The first thing I smoked using pellets was a jalapeno cheese and bacon burger log . I covered the bottom of the chip tray with about half an inch of pellets, lit it up the same as with the steaks slid it back in , smoked the log for 4 and a half hours and the pellets were still smoking when I took it out after the log came out. 
     
  15. daricksta

    daricksta Master of the Pit OTBS Member

    Greywolf, this is in a MES? Did you have any problems with the pellets moving around when you moved the chip tray into place?

    That jalapeno cheese bacon burger log sounds deelish. Is this your own invention, from a recipe, or did you buy it?
     
  16. greywolf1

    greywolf1 Fire Starter

    Yes it is a 30" MES digital and yes I could hear the pellets move slightly but I had one whole side lit and with the heating element right at the chip tray the whole top of the pellets were smoking when I took the tray out.

    Its not my recipe , I went on the MES site and clicked recipes . They have a bunch of good recipes there, I just use my own spice combo that I came up with for the BBQ, I'm one of those people that like to experiment with spices    lol
     
  17. daricksta

    daricksta Master of the Pit OTBS Member

    You're a clever guy! The AMNPS just does what you did on the wood chip tray but makes it so much easier. When it comes to spices and rubs I typically follow recipes but might tweak it a little here and there. If you watch shows on BBQ, all those different cooks have their own rub and BBQ sauce recipes. It's taken them years of experimenting to come up with the ingredients and their proportions. I don't have the patience to experiment with all that but I bet it'd be right up your alley. You might want to buy a couple of smoking books and perhaps check out Steven Raichlen's "Barbecue! Bible: Sauces, Rubs, and Marinades, Bastes, Butters, and Glazes" for lots of recipe ideas. You can use these as reference points and then let your imagination take off.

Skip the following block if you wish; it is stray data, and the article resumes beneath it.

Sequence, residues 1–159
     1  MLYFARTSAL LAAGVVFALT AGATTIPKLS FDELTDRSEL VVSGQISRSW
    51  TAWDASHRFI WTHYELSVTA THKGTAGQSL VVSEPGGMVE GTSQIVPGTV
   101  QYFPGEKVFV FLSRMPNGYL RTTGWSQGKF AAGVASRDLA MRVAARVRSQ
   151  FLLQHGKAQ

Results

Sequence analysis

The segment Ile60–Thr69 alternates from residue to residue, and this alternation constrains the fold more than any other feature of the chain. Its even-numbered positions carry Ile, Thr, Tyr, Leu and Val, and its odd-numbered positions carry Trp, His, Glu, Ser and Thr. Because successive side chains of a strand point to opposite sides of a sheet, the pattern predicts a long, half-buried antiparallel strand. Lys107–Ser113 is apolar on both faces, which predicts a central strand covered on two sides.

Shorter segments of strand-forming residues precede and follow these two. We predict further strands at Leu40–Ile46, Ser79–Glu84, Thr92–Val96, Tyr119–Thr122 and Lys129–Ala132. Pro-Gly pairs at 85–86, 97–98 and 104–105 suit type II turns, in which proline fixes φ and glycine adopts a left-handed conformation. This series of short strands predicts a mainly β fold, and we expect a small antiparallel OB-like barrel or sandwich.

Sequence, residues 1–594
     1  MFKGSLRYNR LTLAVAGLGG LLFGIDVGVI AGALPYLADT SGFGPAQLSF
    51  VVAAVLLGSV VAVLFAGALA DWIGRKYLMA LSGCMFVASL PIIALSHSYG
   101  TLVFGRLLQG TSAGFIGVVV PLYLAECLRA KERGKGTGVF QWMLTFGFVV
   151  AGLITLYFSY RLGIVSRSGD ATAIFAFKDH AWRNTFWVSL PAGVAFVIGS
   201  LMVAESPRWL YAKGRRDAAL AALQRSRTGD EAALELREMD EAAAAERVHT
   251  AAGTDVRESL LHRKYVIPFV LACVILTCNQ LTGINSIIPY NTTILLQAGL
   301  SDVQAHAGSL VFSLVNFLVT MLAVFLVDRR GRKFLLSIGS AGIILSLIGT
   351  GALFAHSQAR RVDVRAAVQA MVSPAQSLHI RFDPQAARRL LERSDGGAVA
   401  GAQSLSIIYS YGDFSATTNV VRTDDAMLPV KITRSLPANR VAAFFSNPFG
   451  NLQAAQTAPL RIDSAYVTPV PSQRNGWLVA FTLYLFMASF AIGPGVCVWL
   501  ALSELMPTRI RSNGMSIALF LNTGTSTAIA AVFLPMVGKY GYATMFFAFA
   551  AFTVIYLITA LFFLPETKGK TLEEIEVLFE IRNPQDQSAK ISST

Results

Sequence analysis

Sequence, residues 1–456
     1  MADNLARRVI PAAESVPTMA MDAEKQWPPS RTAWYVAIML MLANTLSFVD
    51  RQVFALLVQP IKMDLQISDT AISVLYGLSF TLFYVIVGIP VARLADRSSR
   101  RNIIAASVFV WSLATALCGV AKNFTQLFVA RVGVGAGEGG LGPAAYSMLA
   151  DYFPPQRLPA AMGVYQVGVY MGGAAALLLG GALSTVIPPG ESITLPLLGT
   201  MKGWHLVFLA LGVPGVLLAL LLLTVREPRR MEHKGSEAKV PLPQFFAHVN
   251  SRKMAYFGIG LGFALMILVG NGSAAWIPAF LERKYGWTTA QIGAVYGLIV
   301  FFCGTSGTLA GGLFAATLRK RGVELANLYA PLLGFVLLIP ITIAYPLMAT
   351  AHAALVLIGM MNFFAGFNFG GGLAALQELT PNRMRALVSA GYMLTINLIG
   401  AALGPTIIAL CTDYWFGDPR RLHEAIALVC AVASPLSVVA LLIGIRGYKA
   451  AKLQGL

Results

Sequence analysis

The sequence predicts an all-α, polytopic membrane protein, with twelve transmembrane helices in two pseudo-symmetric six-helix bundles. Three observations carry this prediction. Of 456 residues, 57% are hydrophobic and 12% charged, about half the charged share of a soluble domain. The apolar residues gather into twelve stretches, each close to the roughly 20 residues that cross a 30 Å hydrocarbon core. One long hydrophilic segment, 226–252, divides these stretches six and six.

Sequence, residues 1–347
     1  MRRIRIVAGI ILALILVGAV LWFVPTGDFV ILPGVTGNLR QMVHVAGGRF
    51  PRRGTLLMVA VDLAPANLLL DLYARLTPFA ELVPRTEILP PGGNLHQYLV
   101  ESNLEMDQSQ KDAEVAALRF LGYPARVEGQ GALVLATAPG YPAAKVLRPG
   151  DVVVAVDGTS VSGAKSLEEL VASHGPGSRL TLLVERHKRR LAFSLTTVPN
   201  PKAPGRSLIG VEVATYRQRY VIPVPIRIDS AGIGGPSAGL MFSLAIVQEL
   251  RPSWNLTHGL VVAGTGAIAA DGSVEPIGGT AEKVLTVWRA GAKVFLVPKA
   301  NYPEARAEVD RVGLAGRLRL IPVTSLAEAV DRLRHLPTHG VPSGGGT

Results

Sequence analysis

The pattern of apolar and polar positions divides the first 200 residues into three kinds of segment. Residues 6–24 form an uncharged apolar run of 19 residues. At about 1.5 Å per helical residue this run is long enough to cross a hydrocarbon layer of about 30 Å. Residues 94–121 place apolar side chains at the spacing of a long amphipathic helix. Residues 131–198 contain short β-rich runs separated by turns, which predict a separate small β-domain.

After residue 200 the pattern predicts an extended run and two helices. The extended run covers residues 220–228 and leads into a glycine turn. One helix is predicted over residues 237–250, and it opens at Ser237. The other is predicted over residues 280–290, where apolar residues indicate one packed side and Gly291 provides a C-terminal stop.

18. daricksta

    daricksta Master of the Pit OTBS Member

    Forgot to ask, Do you keep both your smoker and grill outside? Smoking steaks and then searing them on the grill is a common practice but since I typically only take either my MES or my Weber charcoal kettle grill out of the garage by itself I've never done that. It's enough for me just to prepare either one for cooking. But darn it, now you've got me thinking of what hickory or oak-smoked ribeyes would taste like, ribeye being my favorite steak.
     
  19. greywolf1

    greywolf1 Fire Starter

    My smoker is about 8' from my grill , I was a big grill man till I got the smoker . I might just weld gates like the AMNPS in my chip tray if I need to.

    I have one book called Smoke & Spice, gives me good ideas on rubs and sauses. The sauses I pretty much go item for item its the rubs I mix and match

    until I come up with one I like.
     
  20. daricksta

    daricksta Master of the Pit OTBS Member

    Smoke & Spice was the first smoking book I bought. It's really good and I made one of the rubs from there. It was great. I might have made one of the sauces as well. I see you as a guy who will use those recipes as starting points and then start thinking of ways you can tweak them. I also made rubs and sauces from the Raichlen book. Over a year later I'm still using those same rubs on ribs and briskets.

    As I wrote, I own a Weber 22.5" One Touch charcoal kettle grill and that remains my favorite way to cook outdoors. I greatly enjoy using my MES but I love that Weber. I keep both in my garage because I live in Washington state and I don't have a covered outside spot to keep them. The only time I used both at the same time was ribfest for my favorite brother-in-law's birthday. Cooked two racks of St. Louis ribs in rib racks on my Weber and two racks of baby backs right beside it in my MES. I just wanted to experiment with the differences in the finished products. Both turned out great.

    Interesting idea to weld gates to your MES if you've got the equipment and skill to do it. I'm not at all inclined that way. If it's a new smoker you should wait until after the warranty period expires to make the mod. After you've done it you must post the photo here.